JUDGE: I understand.

GERAGOS: I want to show the demonstration.

JUDGE: Okay. I did advise the jury that they should bear in mind that this boat was not in the water as they stood in the boat. And I also advised them that the boat appeared -- also that the boat was secured to a trailer. The reason why the Court permitted the jury to get into the boat initially -- I didn't know they were going to jump up and down on the boat -- was the fact that the District Attorney had presented an experiment where they had -- a representative of the District Attorney's Office had actually laid down flat in the boat. And I thought it was important for the jury to take a look, see if there was enough room for somebody to sit -- lay down flat in the boat. That was not, in my opinion, taking additional evidence because it was already set forth on the record. The same case, People versus Mouser makes -- I'll allow the prosecution to address that issue.

FLADAGER: Yes, your Honor. It's the people's position what was done today was not an experiment or demonstration by the jury. And it should be noted that the defense is the one who requested that boat be marked as an exhibit and entered into evidence, which is not what the people had wished. However, that was done.

JUDGE: Well, the Court wanted that done too. In all due respect to Mr. Geragos, they shouldn't take the burden for that. I wanted that done. He shouldn't. It becomes the property of the Sheriff's Department.

FLADAGER: Once that is done, it becomes evidence. The jurors may examine it thoroughly. That's the intention of evidence that is submitted to the jury. Two jurors who got into the boat were not jumping up and down. One had a foot a little bit on one side, one foot on the other. The other stood up and walked towards the end and stood. There wasn't a lot of actual manipulation, standing in it, walking in it. And other jurors looking inside of it. So we don't believe, by any stretch, this is an experiment or demonstration or anything similar.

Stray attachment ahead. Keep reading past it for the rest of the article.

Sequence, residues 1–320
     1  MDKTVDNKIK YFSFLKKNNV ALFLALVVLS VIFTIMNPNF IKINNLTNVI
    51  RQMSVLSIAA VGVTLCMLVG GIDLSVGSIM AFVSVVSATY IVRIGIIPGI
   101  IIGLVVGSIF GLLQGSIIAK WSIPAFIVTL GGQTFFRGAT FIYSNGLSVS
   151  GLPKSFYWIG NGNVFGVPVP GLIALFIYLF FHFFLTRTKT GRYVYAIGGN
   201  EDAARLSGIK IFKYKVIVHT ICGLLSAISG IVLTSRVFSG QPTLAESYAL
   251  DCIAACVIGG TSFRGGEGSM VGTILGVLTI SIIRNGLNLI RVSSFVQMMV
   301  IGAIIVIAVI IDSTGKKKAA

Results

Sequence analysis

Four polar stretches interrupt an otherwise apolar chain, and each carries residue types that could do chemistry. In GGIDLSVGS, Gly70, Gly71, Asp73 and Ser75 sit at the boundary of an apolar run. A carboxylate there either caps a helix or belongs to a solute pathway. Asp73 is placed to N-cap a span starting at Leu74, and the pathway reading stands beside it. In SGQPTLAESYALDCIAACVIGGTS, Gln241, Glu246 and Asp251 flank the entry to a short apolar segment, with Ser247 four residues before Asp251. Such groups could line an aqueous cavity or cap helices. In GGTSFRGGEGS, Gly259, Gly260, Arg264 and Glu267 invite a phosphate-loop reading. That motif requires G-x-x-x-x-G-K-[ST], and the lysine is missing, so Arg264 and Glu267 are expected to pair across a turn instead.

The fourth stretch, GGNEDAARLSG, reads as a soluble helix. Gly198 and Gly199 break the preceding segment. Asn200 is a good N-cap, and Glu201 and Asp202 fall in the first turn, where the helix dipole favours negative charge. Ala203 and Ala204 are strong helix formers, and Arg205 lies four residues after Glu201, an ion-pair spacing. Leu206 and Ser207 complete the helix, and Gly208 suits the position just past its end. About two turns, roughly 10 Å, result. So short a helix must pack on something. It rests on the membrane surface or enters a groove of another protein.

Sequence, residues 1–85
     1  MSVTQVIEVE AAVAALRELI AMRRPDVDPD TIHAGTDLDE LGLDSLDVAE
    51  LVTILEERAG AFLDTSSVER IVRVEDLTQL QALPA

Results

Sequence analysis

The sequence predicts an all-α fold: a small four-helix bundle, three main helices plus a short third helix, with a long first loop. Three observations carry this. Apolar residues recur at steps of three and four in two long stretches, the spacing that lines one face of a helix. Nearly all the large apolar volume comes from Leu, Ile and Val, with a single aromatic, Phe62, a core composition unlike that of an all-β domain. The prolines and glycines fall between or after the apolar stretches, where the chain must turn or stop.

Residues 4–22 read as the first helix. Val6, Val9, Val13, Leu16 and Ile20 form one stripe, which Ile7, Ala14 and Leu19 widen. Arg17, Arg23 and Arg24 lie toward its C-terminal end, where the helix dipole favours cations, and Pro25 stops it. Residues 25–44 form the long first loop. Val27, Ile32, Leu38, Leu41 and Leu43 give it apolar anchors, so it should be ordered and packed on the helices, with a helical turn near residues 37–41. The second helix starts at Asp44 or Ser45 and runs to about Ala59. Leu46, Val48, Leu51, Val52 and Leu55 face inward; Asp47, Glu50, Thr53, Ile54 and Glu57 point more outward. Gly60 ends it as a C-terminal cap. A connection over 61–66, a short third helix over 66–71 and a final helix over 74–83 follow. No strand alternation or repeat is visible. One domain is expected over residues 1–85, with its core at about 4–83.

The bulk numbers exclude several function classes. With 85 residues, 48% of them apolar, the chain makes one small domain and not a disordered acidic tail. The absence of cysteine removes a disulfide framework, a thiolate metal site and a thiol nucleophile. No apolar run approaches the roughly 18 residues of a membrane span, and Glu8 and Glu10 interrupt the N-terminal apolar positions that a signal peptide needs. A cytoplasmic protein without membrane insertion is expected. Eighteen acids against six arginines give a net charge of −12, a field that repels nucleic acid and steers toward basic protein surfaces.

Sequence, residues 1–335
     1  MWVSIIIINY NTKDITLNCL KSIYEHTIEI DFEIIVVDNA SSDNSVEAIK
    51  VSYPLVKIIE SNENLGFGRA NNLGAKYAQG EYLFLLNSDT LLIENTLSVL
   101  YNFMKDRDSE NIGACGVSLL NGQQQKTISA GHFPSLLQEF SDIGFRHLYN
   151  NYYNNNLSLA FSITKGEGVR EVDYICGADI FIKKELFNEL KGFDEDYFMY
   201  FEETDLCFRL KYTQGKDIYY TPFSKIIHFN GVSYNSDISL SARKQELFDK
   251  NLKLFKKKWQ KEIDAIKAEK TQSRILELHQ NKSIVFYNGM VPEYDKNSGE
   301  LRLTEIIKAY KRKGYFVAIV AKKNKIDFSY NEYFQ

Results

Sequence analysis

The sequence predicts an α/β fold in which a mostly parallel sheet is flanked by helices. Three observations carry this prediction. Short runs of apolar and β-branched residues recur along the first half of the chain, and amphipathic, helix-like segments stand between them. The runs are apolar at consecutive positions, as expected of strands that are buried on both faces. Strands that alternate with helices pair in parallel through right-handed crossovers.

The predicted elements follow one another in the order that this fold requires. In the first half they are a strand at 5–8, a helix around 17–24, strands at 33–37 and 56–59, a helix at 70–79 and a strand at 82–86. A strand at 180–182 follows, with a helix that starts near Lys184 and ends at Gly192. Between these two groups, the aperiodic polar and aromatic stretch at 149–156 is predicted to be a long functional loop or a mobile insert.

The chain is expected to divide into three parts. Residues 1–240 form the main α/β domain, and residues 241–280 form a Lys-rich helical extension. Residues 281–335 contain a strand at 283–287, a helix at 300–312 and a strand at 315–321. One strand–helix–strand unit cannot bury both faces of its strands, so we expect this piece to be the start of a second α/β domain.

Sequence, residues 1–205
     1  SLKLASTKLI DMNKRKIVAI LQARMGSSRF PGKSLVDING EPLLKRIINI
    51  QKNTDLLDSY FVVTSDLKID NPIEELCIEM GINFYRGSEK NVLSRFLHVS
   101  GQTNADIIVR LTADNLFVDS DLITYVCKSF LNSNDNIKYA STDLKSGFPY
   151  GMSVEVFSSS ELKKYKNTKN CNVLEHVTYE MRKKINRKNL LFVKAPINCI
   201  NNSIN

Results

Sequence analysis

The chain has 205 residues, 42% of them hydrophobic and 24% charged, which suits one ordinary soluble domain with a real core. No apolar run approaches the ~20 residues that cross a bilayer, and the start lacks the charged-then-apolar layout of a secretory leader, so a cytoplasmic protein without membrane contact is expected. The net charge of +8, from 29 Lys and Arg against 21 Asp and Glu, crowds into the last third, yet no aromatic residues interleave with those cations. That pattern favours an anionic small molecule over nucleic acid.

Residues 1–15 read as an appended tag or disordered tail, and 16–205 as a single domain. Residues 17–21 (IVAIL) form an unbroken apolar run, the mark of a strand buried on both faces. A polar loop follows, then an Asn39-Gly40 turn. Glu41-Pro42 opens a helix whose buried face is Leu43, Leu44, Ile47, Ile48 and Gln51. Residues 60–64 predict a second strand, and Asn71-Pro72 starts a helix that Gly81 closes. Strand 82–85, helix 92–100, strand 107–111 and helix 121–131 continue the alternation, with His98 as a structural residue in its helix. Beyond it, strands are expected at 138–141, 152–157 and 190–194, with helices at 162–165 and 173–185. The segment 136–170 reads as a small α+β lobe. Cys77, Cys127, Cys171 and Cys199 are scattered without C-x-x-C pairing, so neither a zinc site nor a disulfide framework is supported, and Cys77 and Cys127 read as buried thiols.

JUDGE: Go on, Mr. Geragos.

GERAGOS: I am going to say, the fact of the matter is, judge, you saw it and I saw it. Juror was in there. The juror was standing inside of that boat and dropping --

JUDGE: Shifting his weight.

GERAGOS: Shifting weight back and forth. The other juror did the exact same thing. That is an experiment. The fact that it's marked as an exhibit is meaningless. You can mark anything as an exhibit. But the statement of the law in California is, you can't do a juror experiment. That's what was done. So there is two alternatives. I'm asking either for the admission of our demonstration, to reopen and allow that in or, as an alternative, I'm asking for a mistrial.

JUDGE: All right. Now, let me finish with my ruling here. This case that was also provided to the Court here, this Mouser case, on page 55 of the opinion says California authority establishes that close observation, even physical manipulation of evidentiary exhibits during deliberations is not prohibited. Careful scrutiny of the evidence during deliberations is a defining characteristic of a conscientious jury. And they cite several cases. People versus Turner, 22 Cal.App.3d, 1971 case at 174; People versus Bogle, 1995, Cal.App.4th at page -- it's 41 Cal.App.4th at page 770. So the Court was of the opinion that whether a cautionary instruction, that they should bear in mind that they were doing this, that the boat was not in the water, and boat was on a dolly, was on a trailer. So they should bear that in mind in their consideration. There was one other thing I wanted to point out here that escaped me right now. Probably come to me later. Oh, the other thing I wanted say is that I think it's an -- I think that whatever they did in that boat can work both ways. We don't know what opinions or conclusions the jury made from the idea of sitting in the boat and standing in the boat. They carefully sized the boat, they looked at the underneath part of the boat. They could certainly come to conclusion that this boat would have been unstable in attempting to throw somebody over the side. So I think this works both ways. It works -- could work for the prosecution; but it could work for the defense benefit, depending on how the jury interpreted the evidence. So the request is denied.